When two-time Academy Award-winner Tom Hanks talks about taking on the role of the legendary Walt Disney in Saving Mr Banks, out on Friday, he is quick to point out that he neither looks like him nor sounds like him and that his approach to capturing Walt Disney on screen comes from a different place.
“I can grow a moustache and part my hair, but the job at hand was to somehow capture all that whimsy that is in his eyes as well as all of the acumen that goes along with it as well,” said Hanks. “You can’t do an imitation of Walt Disney. There is a cadence to the way he sounds that comes from his enthusiasm for what is in his head. His head was so full of magnificent ideas that he could not help make everybody else excited about what those ideas were. That’s what I was going for.”
To prepare for the role, Hanks visited the Walt Disney Family Museum in San Francisco and spent a day there. “I heard every single piece of audio and saw every piece of film that was in the place about the entire history,” recalls Hanks.
“You just see Walt explaining how he did it and how he did it was hands-on every step of the way. It’s funny he always said ‘we’, which I thought was great. The ‘we’ that he used was the inclusiveness of everything he did. It went all the way from goofy cartoons to the theme parks that he had.”
Hanks first learnt of Mary Poppins author PL Travers’s troubled childhood and the possible reasons behind her uncompromising personality when he read the screenplay for Saving Mr Banks.
“I was surprised because I didn’t know about the backstory at all. But I was impressed. The artistic process is such an interior one; it’s all about what’s turning around inside the creator’s own soul and it did a good job capturing what was the creative impetus of Pamela Travers, her father, this magnificent but troubled man who was constantly sunny and happy despite all the alcoholism and business problems and everything that goes along with it.”
Emphasising that Saving Mr Banks is not about the making of Mary Poppins, Hanks says, “It’s not about the filming of Mary Poppins. It’s about translating it from the book to the screen. It’s about the invaluable creative process of how it ended up on paper first, so it became the movie that it was. What are the secrets behind this great movie that everybody loves? Well, it’s a checkered past. It’s not about somebody who broke their foot while they were shooting. It’s about somebody who broke the spirit of the people in the room when they were writing it, and that was Pamela Travers.”
Describing the relationship between the curmudgeonly Travers and the up-beat Walt Disney, Hanks says, “They didn’t like each other. Right up to the end, they did not like each other. She was a tough, mysterious lady. PL Travers is burdened by her past in our film and she cannot escape it.”
When Walt is able to verbalise to her the way he dealt with his own pain, she understands because this man who is supposed to be so different from her (Walt Disney), with his moneymaking machine of Disneyland and his dancing pigs and his penguins, experienced a difficult childhood as well.”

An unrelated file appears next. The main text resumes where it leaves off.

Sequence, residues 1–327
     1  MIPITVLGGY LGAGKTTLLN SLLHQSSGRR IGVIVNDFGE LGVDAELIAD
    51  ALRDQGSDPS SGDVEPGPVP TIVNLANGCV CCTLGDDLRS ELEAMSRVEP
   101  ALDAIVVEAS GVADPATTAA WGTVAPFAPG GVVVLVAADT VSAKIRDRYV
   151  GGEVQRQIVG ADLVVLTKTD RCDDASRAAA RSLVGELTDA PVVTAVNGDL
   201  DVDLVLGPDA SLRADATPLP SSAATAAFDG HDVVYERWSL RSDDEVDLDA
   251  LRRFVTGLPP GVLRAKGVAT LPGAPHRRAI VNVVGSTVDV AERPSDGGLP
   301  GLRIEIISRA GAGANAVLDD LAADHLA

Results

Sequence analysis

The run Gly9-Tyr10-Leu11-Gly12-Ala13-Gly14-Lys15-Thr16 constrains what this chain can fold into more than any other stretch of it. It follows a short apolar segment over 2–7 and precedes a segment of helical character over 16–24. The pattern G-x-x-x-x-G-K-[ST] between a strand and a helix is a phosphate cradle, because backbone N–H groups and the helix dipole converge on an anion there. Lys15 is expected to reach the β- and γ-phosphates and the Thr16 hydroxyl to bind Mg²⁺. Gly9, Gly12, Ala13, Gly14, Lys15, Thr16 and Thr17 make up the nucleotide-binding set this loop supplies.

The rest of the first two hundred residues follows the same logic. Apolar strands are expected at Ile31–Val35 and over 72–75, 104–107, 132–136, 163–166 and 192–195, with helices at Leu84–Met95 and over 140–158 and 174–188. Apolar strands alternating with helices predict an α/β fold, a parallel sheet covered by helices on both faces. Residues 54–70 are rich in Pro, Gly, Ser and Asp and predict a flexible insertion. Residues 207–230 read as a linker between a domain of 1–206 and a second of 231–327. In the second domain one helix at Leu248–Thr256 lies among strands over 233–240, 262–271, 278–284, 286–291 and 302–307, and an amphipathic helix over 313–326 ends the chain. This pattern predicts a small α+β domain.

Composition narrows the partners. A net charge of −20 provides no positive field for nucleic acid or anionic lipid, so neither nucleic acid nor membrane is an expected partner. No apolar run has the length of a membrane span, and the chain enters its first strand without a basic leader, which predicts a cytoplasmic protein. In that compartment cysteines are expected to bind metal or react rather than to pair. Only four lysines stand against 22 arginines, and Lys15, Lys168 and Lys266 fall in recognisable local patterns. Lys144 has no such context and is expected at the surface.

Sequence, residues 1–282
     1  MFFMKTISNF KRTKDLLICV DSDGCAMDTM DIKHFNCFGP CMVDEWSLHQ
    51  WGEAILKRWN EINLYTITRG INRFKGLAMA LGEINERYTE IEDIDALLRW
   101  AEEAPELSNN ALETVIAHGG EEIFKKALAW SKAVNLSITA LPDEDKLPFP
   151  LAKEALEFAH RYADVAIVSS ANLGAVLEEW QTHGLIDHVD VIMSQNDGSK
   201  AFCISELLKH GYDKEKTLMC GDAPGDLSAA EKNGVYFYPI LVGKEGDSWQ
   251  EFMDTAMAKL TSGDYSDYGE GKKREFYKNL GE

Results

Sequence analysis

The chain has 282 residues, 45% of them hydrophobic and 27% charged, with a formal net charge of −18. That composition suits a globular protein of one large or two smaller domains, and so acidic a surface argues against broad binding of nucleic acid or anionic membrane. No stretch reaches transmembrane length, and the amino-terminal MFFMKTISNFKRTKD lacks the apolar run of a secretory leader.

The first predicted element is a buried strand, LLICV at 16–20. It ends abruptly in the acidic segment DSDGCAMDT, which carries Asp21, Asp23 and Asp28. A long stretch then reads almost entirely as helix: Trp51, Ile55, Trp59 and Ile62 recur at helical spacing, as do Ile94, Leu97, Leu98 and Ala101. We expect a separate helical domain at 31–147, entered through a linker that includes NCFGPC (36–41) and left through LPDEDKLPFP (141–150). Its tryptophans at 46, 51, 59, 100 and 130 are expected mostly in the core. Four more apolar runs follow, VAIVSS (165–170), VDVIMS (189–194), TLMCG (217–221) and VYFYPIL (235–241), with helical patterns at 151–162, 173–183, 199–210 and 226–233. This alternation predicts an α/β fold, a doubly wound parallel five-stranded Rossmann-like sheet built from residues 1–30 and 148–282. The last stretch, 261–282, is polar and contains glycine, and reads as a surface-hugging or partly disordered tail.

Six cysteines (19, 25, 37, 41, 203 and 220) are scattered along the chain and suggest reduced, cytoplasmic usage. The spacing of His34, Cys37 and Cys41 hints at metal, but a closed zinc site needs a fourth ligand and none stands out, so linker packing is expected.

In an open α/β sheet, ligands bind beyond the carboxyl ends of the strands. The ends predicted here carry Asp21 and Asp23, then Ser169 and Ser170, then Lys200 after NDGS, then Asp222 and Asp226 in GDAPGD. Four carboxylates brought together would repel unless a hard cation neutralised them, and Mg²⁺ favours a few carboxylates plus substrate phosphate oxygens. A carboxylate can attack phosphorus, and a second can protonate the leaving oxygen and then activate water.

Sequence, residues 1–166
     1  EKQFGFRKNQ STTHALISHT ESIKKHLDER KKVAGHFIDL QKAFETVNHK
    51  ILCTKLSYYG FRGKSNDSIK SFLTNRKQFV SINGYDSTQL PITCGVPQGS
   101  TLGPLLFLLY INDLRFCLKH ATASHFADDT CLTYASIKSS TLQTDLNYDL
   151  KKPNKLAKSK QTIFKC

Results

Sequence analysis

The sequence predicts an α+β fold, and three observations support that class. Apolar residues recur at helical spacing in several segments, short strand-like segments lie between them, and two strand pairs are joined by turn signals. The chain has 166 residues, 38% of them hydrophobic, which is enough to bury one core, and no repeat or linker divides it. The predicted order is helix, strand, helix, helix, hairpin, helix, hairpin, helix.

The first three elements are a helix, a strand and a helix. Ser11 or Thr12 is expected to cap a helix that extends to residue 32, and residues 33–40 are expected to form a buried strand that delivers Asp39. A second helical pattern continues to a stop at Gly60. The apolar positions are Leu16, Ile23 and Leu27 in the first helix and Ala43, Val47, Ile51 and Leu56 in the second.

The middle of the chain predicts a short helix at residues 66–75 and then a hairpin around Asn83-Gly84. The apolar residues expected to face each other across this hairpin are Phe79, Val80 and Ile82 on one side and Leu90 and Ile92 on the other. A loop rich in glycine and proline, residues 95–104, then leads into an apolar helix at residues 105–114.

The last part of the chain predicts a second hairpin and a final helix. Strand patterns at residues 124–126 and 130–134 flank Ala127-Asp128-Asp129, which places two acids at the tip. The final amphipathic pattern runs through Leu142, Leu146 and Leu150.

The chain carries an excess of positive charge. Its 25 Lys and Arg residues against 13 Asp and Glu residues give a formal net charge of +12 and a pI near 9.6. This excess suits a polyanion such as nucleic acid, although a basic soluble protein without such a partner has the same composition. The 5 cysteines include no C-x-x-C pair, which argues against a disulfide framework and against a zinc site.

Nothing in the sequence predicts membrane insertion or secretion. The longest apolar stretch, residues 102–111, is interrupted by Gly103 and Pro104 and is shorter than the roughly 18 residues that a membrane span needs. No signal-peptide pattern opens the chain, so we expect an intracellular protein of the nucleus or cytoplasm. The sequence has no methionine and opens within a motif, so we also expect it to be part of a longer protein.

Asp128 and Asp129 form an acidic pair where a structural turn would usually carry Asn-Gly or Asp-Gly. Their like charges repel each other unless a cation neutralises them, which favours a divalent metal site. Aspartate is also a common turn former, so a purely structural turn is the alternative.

Though the movie explores some serious themes, it is filled with humour that just explodes spontaneously on the screen. Explaining where that humour comes from, Hanks says, “PL Travers was this delightfully malevolent character that was loaded with a benign brand of victory. She’s the nutty lady who lives down the street, who, even though she’s mad at you, will probably say things that you will remember for the rest of your life because they’re so funny. At the end of the day, we’re capturing the making of Mary Poppins as a joyful, funny, emotional romp, but at the same time it has a degree of sophistication to it.”
Emma Thompson took on the role of the prickly author Travers and worked closely with Hanks in many scenes of the film. Describing their on-screen working relationship, Hanks says, “In the work that we did together, there was always something going on between us. There was always a secret that Pamela had that Disney himself did not see, until literally the end.
“There’s a scene where Walt Disney is saying, ‘Will you please share with me why this isn’t a good experience for you?’ The emotion that Emma had was a woman who was about to break into tears over something she could not communicate and that she wasn’t going to communicate to this guy, who at the end of the day, she thought was not going to care about it. That’s just the quality of an actress who is forever, it seems, at the absolute top of her game. Emma is that. She is so far removed from the old English biddy who lives in the townhouse in London, and yet her finger is on the absolute pulse of all the Englishness that goes on with that.”
Tom Hanks came away from Saving Mr Banks with a wealth of information about Walt Disney that was new to him. “I discovered so much that is brand new. Walt was in it for the art but it turned out to be an art that cost a lot of money and he kept track in his head of every nickel and dime. “But he never lost the enthusiasm for the process itself. He was a visionary without compare.” – Supplied